Uber is set to start using its drivers to delivery online orders for retailers and send goods between customers as it attempts to adapt to the COVID-19 pandemic.
Uber Direct and Uber Connect initiatives are both being tested by the company this week as it seeks to make use of its army of drivers left without work.
Its first pilot scheme Uber Direct will offer retailers on-demand booking for speedy deliveries to customers isolating at home.
Retailers across the globe have already partnered with Uber for the trial, including New York medicine retailer Cabinet, Australian pet food supplier Pet Barn and even Portugal’s postal servive CTT.
Uber Connect will offer customers the chance to send personal items across town, enabling them to send stockpiled items, goods essential for working at home or items sold through classified ads to local recipients.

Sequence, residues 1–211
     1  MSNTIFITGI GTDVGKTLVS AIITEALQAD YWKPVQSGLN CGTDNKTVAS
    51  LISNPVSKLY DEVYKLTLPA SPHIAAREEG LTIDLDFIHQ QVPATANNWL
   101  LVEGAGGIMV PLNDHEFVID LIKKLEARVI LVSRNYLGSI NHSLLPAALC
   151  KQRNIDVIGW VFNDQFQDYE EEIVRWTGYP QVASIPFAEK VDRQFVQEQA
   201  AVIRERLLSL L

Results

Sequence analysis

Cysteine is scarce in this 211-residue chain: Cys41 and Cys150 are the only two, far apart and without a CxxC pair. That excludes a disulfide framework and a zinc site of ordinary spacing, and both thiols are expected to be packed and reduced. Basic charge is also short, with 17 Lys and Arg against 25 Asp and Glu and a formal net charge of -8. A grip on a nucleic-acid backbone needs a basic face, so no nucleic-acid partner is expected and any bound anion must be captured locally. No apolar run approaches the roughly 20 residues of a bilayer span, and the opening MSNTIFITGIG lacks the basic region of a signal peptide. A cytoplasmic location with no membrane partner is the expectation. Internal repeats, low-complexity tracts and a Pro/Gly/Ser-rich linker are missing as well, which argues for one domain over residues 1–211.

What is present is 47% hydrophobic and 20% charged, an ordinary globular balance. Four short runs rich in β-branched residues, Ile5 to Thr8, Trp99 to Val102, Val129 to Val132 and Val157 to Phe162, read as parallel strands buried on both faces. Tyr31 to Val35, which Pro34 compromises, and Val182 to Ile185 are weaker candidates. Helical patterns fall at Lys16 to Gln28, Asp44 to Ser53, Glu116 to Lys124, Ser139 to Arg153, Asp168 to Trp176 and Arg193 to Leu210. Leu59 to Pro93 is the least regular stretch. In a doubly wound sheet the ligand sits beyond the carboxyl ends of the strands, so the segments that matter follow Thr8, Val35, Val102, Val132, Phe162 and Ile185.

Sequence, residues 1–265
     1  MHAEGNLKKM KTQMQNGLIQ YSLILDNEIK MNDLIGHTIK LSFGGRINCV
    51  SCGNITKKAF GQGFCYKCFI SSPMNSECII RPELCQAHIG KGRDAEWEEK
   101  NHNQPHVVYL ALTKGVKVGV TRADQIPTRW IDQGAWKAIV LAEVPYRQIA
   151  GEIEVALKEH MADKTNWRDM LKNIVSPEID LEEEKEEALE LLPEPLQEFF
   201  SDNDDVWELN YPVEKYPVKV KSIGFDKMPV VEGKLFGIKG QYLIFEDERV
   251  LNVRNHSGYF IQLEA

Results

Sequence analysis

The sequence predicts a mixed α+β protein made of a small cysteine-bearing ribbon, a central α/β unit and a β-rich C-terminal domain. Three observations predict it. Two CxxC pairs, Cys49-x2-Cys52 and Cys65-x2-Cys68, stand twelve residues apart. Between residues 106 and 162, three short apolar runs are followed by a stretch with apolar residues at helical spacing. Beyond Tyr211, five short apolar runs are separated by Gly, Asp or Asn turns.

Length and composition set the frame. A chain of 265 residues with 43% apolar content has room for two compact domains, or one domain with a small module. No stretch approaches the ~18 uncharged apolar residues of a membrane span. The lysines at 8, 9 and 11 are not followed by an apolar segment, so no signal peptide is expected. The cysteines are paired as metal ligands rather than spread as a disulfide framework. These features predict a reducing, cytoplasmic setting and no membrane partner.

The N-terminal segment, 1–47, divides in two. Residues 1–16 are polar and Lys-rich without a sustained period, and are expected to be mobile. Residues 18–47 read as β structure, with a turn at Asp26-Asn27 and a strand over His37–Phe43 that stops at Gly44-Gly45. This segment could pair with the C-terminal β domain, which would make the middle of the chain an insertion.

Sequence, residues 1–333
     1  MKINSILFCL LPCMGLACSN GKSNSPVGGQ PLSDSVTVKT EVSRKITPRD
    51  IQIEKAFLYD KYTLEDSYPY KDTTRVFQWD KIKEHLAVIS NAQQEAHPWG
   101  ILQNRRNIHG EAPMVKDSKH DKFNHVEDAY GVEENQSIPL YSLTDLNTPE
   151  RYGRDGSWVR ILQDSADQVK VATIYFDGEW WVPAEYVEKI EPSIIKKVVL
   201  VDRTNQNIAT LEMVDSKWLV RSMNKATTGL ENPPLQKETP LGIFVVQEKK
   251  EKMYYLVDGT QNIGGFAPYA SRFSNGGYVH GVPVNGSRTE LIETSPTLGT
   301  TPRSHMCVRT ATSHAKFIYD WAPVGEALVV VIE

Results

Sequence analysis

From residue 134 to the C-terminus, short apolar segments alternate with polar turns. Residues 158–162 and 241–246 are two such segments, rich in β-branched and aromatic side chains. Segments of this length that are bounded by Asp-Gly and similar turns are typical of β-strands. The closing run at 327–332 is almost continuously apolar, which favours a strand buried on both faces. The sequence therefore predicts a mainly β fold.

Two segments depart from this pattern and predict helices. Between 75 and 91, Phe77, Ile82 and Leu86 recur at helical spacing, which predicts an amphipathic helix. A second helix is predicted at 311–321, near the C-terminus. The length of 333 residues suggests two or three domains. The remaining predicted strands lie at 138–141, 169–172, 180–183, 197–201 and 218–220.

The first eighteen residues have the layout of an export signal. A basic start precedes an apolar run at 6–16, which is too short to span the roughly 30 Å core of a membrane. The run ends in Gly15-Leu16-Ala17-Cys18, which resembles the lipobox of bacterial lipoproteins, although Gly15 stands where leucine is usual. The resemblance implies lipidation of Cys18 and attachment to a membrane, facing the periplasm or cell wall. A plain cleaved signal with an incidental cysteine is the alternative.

This service is currently being tested in 25 cities across the US, Australia and Mexico and will ensure every delivery is contactless.
“Throughout this crisis, we’ve been looking for new ways our platform can help move essential goods for businesses and consumers, while providing new earning opportunities for drivers,” Uber’s chief executive Dara Khosrowshahi said.
“Our primary focus is the immediate: quickly adapting our technology to meet the evolving needs of communities and companies.”
Uber has attempted to launch a goods delivery service in 2015 with Uber Rush, but the service closed in 2018 due to a lack of customers and partners willing to pay a premium for its service.
The company has also said that the service may not continued after the coronavirus crisis has passed.